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Life as a La Liga manager: LLL speaks to Getafe's Luis García

Luis García is a football manager who seems to love his job. Win, lose or draw, the cheerful 39-year-old always seems to have a smile on his face, and as well the young coach might as the Getafe boss has had a tremendously successful four-year spell.

It began by leading Levante out of the second division after near bankruptcy, followed by an incredible battle for survival in la Primera last season before a move to Getafe, where he lead his new team to a solid 11th place finish. 

La Liga Loca caught up with one of the hottest managerial properties in la Liga to assess the season just gone for his club, the general state of the game in Spain, and his countryâÂÂs chances in the European Championships.

García without a smile on his face, just to disprove Tim's theory...

So how are you feeling now the season is over?
Mentally, the season demands a lot of you. YouâÂÂre managing the pressure and are very focussed, so IâÂÂm finishing the year quite tired and ready for the holidays, but after just a week away from football I know IâÂÂll be desperate to get back to training again.

It was a very different end to the season for you, with far less pressure in the dying weeks than last year with Levante, did you miss it?
We had chances to get into Europe but that ended with a defeat against Mallorca. Then we drew against Athletic Bilbao and had a final game against Zaragoza that was very strange. Last year, Levante were under pressure right up to the second-to-last round, but we got a tough point against Valencia so itâÂÂs different to this year with Getafe. But thatâÂÂs good as it means we achieved our objectives. We werenâÂÂt under pressure, but itâÂÂs a shame we couldnâÂÂt push on for more, however, we didnâÂÂt have any problems.

Tell us about last season with Levante and that incredible late run that saw the team stay up...
Last season was a great one but itâÂÂs all been over a four year process. It was fantastic for the fans who had really been having a tough time. It was a moment for everyone to enjoy and you have to appreciate them as there are always bad times. Just look at Villarreal, who began the year in the Champions League and ended it being relegated. Football is either about good times or bad, so you have to celebrate the positive moments. Levante have had four years of success with stabilisation, promotion from the second division, staying up and then this yearâÂÂs campaign. These are some magical times so you have to congratulate them and hope they can repeat the success next year.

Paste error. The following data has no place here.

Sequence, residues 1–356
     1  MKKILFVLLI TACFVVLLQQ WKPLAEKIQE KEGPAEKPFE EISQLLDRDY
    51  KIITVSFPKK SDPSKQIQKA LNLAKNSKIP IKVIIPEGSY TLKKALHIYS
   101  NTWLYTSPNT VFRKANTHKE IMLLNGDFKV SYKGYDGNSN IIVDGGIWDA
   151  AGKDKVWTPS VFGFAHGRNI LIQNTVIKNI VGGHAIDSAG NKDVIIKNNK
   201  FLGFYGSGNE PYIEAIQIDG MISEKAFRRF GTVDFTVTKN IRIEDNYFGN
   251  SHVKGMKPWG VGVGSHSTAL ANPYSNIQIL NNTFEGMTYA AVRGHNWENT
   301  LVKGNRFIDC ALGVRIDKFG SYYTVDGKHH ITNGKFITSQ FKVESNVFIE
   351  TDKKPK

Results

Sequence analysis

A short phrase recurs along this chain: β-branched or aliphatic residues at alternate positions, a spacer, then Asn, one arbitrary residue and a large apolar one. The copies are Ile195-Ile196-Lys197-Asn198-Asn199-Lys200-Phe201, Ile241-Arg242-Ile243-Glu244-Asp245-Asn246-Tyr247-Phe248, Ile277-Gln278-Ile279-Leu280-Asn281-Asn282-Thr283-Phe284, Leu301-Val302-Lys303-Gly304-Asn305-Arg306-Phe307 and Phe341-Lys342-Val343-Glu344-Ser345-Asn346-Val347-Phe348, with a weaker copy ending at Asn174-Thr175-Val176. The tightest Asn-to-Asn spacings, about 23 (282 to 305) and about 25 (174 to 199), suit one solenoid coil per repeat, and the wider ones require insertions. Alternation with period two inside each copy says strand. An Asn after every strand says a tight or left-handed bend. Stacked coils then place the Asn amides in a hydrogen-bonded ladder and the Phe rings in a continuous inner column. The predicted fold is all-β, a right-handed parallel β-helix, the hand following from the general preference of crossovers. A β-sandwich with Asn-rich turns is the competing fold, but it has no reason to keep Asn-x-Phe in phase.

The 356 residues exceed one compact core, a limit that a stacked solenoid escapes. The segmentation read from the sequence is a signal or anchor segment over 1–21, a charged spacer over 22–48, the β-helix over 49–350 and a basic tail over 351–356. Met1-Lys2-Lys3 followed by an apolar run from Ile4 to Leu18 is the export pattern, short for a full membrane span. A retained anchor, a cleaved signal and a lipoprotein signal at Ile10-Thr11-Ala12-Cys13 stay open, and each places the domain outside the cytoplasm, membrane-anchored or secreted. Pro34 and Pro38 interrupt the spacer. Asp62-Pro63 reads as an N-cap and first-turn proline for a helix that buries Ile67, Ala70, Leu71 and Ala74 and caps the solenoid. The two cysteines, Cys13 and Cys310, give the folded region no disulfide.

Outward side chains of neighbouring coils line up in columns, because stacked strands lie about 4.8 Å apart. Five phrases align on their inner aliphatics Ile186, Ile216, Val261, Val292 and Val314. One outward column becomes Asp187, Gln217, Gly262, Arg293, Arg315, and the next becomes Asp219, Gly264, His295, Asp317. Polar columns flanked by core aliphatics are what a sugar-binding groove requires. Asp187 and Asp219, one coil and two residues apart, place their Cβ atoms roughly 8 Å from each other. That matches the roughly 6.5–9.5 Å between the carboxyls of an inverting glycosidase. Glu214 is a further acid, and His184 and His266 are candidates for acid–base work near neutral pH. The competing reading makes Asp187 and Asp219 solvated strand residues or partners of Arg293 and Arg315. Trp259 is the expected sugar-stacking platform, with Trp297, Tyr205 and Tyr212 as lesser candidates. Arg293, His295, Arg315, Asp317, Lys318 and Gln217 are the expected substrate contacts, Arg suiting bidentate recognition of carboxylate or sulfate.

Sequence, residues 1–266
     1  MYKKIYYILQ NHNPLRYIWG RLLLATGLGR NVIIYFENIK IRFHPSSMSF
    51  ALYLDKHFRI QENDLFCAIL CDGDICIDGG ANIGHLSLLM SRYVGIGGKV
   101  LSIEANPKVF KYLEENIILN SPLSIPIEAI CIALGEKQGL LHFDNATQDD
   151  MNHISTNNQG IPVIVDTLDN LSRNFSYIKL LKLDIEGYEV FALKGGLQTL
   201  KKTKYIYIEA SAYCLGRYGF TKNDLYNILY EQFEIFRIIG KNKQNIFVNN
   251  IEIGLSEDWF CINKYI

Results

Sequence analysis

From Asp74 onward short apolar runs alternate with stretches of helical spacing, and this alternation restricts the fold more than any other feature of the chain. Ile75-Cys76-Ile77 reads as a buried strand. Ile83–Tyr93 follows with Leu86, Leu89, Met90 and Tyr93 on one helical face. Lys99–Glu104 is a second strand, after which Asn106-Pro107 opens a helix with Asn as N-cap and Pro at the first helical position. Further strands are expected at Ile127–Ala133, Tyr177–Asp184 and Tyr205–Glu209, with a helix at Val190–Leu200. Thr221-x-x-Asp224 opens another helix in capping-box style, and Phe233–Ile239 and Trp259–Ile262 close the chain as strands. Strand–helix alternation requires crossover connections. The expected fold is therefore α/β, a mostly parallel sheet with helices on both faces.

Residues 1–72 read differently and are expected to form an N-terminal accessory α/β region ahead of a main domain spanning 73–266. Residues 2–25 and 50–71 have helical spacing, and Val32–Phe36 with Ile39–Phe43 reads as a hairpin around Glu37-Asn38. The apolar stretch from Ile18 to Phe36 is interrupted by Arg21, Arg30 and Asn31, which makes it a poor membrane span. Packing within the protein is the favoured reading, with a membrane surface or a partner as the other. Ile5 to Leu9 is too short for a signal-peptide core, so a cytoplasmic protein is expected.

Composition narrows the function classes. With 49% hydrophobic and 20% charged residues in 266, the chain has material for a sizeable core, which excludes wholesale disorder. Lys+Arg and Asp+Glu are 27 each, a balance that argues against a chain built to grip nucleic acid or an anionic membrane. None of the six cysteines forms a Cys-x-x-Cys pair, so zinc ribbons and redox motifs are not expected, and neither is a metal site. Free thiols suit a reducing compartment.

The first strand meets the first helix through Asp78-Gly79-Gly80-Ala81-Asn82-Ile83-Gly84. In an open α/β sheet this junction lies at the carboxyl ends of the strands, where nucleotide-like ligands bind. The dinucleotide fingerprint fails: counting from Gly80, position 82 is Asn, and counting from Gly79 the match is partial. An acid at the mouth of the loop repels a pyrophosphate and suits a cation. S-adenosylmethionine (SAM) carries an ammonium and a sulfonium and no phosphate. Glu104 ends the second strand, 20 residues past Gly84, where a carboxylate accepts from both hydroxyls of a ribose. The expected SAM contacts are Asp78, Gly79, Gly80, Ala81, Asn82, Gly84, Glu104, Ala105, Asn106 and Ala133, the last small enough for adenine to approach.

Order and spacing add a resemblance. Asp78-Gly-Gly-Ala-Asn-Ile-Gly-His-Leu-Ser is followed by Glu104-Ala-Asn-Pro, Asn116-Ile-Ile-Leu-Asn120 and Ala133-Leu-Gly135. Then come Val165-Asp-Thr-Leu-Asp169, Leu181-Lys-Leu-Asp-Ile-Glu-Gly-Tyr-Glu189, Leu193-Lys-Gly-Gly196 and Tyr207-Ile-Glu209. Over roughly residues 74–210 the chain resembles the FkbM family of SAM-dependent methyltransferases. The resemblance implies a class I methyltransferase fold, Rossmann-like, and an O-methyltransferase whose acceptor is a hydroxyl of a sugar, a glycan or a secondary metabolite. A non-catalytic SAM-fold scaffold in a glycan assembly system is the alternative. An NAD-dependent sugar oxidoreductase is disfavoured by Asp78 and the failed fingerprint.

Motivation is important in football, so do you have a difficult job at Getafe, a team thatâÂÂs usually too good to go down, but not good enough for the European places?
ItâÂÂs a club whose natural position is between eight and twelve and thatâÂÂs where we are now. We canâÂÂt be compared with Málaga, Athletic Bilbao, Sevilla and Valencia. ItâÂÂs impossible to compete with them. Then again we also canâÂÂt be compared with Racing or Sporting as we have a bigger budget. ItâÂÂs not easy, we began the season badly so in the end we lacked the points to fight for anything more. The motivation is the need to improve and finish as high up the table as possible.

Could a lack of motivation in some teams be another reason for the huge gap at the top of the table to the other 18 teams?
No. If the players at Valencia think that they are not going to win the league itâÂÂs because they know they are not going to win the league. Before when Valencia did win it, it was with around 70 points, and now Real Madrid have won it with 100 points which is something incredible. But in the group of teams in the level below Madrid and Barça, two were in the Europa League final, so these are two very good sides. But the other two are the best in the world. Anyone can win a knock-out match whether it be Getafe, Chelsea, Bayern Munich or Valencia. But no one else can win the regular league in Spain. After 38 games, it will be Real Madrid or Barcelona.